A very British composer!
I have to confess I'd never heard of him until, twenty years ago, a work colleague brought in a cassette of a BBC broadcast and played it, very loudly, in the shop in St Peter's Street where we worked at the time.
It was Bridge's "The Sea", and I was immediately smitten
Bridge was, as pomme homme kindly mentioned, born in Brighton, and helped his father out with the orchestra he ran, gaining much musical knowhow in the process.
He was more a players' composer than anything else, and his relative lack of popular, commercial success forced him to become a professional musician(viola) and conductor in order to make ends meet. His rather irascible nature, and acerbic comments on some of his contemporaries, and the BBC, did not endear him to those with influence, and undoubtedly contributed to the Corporation passing him over for the position of Chief Conductor of the BBC Symphony Orchestra. Adrian Boult got the job instead.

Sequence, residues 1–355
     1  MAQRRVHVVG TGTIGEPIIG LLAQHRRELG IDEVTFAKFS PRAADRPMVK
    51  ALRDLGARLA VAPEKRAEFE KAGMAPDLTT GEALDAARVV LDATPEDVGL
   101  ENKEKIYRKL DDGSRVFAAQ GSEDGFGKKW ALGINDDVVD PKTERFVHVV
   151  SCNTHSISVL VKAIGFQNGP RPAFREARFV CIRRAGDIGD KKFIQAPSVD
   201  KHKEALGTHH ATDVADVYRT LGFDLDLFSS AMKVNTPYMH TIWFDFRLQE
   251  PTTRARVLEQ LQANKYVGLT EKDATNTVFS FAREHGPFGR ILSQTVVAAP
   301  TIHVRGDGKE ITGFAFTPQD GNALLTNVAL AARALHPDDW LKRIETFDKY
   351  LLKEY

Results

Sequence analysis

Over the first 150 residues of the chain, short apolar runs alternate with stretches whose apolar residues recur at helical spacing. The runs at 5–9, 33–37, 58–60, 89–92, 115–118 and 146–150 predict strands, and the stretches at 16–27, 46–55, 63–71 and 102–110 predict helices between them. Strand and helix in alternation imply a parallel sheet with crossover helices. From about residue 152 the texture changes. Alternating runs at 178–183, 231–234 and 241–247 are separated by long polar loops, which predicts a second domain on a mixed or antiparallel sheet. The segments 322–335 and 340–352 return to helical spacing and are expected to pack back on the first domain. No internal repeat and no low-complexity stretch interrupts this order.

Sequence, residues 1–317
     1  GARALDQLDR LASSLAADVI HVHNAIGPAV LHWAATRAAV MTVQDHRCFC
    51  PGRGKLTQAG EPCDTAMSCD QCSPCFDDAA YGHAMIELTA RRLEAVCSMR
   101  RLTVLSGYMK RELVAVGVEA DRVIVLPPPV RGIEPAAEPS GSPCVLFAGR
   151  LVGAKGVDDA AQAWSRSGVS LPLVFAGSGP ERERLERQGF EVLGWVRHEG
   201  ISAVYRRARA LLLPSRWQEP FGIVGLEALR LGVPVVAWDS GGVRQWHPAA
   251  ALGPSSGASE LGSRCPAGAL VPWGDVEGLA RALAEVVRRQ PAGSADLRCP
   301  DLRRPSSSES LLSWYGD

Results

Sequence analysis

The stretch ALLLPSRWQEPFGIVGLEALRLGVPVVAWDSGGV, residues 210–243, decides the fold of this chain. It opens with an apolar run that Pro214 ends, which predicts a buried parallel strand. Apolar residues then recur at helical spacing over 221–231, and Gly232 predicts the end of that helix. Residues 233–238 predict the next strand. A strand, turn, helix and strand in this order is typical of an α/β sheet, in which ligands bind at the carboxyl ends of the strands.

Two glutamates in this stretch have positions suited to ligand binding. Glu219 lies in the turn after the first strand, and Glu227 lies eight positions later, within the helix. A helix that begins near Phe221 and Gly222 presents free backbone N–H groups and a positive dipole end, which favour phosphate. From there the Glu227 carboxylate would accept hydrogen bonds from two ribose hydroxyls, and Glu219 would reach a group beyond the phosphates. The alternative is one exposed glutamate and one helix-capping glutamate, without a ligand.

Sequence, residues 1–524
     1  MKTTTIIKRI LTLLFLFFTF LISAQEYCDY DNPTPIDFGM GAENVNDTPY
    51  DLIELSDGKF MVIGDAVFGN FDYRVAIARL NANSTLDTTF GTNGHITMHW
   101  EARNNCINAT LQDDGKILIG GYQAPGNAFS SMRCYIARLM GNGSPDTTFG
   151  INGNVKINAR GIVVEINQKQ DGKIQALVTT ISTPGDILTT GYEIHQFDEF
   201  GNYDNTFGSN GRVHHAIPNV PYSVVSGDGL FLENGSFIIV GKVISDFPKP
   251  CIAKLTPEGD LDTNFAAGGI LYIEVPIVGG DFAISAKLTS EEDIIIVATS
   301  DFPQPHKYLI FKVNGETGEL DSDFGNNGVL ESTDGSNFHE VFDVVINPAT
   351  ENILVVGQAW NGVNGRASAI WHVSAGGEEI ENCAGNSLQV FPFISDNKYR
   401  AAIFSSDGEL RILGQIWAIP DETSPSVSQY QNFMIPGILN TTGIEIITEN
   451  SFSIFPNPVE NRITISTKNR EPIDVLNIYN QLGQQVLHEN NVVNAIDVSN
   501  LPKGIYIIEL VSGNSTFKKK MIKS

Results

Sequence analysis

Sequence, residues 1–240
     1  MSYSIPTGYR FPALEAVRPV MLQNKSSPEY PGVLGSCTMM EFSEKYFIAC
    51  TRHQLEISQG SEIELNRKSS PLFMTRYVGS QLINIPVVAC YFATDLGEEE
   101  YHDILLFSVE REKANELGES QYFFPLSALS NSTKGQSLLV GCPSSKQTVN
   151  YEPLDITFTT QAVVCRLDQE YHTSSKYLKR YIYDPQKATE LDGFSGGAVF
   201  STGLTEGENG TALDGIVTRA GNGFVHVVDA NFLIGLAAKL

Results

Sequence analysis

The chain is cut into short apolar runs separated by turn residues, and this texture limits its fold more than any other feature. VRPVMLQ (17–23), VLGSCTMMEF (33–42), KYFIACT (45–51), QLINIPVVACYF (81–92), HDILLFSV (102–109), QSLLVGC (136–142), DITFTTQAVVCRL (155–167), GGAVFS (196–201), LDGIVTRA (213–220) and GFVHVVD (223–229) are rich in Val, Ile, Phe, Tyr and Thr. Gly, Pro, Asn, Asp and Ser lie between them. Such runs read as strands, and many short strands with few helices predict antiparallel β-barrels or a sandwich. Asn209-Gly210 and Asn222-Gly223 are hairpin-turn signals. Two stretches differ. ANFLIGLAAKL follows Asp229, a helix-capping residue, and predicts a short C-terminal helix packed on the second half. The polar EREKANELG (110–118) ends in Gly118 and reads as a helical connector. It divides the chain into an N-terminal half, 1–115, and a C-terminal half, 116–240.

Later in life he was financially supported by a wealthy American heiress and started, gradually, to experiment with different musical forms before his sudden death in 1941 in Eastbourne.
Bridge was also well-known as composition tutor to the young Benjamin Britten, who later paid tribute to his mentor with 'Variations on a Theme of Frank Bridge', which is probably better known than Bridge's own music!
My favourite pieces of Bridge's are 'The Sea', 'Dance Rhapsody' and his last major work, 'Rhebus'. Every Christmas I also play a 20-year old off-the-radio recording of his one and only opera, 'The Christmas Rose', which has never been commercially recorded.
Frank Bridge, (1879 - 1941)